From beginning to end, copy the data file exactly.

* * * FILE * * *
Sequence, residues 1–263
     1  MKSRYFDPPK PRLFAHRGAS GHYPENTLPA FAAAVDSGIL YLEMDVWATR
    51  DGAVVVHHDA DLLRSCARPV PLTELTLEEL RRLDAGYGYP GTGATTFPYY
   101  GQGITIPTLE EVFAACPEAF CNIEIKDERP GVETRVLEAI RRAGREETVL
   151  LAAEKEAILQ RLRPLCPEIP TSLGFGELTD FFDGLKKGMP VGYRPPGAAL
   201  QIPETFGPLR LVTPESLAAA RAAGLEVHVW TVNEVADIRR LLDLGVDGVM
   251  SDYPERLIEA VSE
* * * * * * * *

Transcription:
Sequence, residues 1–263
     1  MKSRYFDPPK PRLFAHRGAS GHYPENTLPA FAAAVDSGIL YLEMDVWATR
    51  DGAVVVHHDA DLLRSCARPV PLTELTLEEL RRLDAGYGYP GTGATTFPYY
   101  GQGITIPTLE EVFAACPEAF CNIEIKDERP GVETRVLEAI RRAGREETVL
   151  LAAEKEAILQ RLRPLCPEIP TSLGFGELTD FFDGLKKGMP VGYRPPGAAL
   201  QIPETFGPLR LVTPESLAAA RAAGLEVHVW TVNEVADIRR LLDLGVDGVM
   251  SDYPERLIEA VSE